Waldo, Florida’s Camara Lyn Casson
to Study Biomedical Engineering
MELBOURNE, FLA. — Florida Institute of Technology has named Camara Lyn Casson the 2017 recipient of its most prestigious financial award, the Farmer Scholarship.
Casson, 17, of Waldo, Florida, graduated this year from Eastside High School in Gainesville, about 14 miles southwest of Waldo. Ranked first in her class of 358, she earned a 5.0 weighted grade point average and a long list of school and community achievements.
Casson was captain of the varsity softball team and the defensive captain of a Waldo Area Tackle Football team in a league in which she was the season’s lone female to participate. Off the playing field, she was a founding member of the Alachua County Virtual Cemeteries project and founder of the K2K Mentoring Program, which offers tutoring and mentoring to at-risk youth. She received the Outstanding Citizen Award from the City of Waldo in 2014.
“I am really excited to come to Florida Tech in the fall,” Casson said. “For me, it means the start of a new chapter.”
The Farmer Scholars program began in 2009, when Phillip W. Farmer, retired chairman, president and chief executive officer of Harris Corp. and past chairman of the Florida Tech Board of Trustees, donated $1.5 million to establish the endowed scholarship.
The program provides a full, four-year scholarship awarded annually to a Florida resident and high school graduate who is among the top 5 percent of his or her class and demonstrates exceptional academic achievement and outstanding personal character.
Included in the scholarship are all tuition and university fees, a room in Harris Village’s Farmer Hall and the regular university meal plan. Additionally, the Farmer Scholar is given a stipend between the junior and senior years for enrichment through Florida Tech’s summer study abroad program at Oxford University.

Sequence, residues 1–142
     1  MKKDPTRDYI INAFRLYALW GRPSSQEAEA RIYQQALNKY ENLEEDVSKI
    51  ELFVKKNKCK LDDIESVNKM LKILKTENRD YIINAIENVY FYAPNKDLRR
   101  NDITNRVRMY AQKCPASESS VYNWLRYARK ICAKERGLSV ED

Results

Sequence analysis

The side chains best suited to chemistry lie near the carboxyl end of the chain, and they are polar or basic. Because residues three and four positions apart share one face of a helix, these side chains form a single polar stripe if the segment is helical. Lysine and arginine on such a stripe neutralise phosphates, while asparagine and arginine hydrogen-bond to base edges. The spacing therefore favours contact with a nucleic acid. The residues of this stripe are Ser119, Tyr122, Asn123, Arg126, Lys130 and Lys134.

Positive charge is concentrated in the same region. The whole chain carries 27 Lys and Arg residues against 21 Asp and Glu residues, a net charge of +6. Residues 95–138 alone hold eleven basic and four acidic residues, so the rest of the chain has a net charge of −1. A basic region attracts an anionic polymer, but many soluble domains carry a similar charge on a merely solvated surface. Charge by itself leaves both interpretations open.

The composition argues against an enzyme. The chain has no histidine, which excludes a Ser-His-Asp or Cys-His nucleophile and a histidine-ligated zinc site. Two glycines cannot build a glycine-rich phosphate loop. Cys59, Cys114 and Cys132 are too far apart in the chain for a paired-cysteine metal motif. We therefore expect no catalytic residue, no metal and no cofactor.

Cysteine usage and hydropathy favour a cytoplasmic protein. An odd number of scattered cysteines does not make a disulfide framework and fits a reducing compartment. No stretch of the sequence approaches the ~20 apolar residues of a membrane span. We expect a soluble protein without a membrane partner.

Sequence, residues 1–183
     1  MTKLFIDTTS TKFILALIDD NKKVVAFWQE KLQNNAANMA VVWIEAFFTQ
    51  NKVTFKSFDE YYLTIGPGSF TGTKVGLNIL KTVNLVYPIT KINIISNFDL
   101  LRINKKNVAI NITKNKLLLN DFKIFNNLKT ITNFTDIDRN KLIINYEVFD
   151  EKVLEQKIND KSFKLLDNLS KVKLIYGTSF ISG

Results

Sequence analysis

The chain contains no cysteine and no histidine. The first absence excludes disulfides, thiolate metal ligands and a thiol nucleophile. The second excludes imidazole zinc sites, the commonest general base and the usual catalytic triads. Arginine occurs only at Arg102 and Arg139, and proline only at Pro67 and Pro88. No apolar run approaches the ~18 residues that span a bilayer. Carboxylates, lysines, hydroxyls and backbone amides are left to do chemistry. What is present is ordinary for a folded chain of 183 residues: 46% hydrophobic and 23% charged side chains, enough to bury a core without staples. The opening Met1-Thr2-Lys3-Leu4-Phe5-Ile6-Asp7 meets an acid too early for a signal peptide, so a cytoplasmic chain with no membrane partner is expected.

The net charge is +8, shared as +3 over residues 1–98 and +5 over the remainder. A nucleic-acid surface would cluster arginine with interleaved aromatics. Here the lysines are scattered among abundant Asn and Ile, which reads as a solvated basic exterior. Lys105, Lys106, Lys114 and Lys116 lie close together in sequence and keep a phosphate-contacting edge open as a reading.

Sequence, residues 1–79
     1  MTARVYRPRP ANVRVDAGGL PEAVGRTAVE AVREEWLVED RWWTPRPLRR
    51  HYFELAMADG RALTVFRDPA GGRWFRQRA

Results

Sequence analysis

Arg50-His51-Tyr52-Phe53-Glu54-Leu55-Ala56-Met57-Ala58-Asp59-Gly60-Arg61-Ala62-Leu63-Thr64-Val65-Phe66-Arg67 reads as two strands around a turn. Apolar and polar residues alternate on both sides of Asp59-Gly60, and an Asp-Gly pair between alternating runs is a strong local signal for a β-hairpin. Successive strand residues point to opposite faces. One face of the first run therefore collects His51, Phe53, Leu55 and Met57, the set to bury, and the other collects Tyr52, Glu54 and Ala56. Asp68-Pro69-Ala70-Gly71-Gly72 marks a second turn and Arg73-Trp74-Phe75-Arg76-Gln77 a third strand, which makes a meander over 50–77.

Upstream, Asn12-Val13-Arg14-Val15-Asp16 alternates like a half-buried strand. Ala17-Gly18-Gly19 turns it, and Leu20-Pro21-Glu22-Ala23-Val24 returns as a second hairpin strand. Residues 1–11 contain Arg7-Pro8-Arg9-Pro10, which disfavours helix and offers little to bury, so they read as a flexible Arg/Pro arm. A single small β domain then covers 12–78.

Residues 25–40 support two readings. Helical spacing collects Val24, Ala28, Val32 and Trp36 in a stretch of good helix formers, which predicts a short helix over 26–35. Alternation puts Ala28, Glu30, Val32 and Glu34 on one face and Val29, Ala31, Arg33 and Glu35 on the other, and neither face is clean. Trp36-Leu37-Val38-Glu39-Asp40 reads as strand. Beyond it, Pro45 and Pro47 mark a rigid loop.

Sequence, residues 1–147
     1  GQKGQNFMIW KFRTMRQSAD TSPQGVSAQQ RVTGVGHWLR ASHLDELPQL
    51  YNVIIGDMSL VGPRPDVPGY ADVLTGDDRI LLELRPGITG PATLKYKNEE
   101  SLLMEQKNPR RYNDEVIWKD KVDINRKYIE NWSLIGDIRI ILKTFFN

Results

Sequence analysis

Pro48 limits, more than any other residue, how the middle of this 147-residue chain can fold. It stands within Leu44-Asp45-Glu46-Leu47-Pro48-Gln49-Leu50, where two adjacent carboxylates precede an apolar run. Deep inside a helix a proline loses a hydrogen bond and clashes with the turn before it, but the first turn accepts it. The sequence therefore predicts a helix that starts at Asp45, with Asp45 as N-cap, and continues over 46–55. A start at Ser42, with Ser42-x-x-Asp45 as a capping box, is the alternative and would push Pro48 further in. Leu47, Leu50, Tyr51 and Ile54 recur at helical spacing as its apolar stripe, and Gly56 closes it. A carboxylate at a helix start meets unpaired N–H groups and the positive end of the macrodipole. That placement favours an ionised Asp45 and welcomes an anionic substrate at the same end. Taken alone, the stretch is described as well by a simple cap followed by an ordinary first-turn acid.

“With her strong work ethic and commitment to both service and academic achievement, Camara will no doubt be highly successful in all she chooses to pursue,” Kathryn Zara-Smith, Casson’s teacher this year in the International Baccalaureate Higher Level Contemporary History course, wrote in her letter of recommendation.
She added, “Camara is a woman of integrity, humility and maturity.”
Casson said she was attracted to biomedical engineering for reasons both personal and professional. She likes that it would allow for her to use her creativity and to continue to do something that has long motivated her: help others.
“And many medical issues need to be addressed in this day and age, and I would love to tackle some of those issues, especially neural diseases and injuries considering a family member of mine is a quadriplegic,” she said. “I ultimately want to work within a tissue-engineering field doing research on those medical conditions.”
Florida Tech President T. Dwayne McCay said biomedical engineering seems like an ideal fit for someone with Casson’s intellect, passion and desire to make a difference.
“This emerging field has the real potential to improve many lives in the future. With Farmer Scholars like Camara guided by our outstanding faculty, the future is very promising,” McCay said.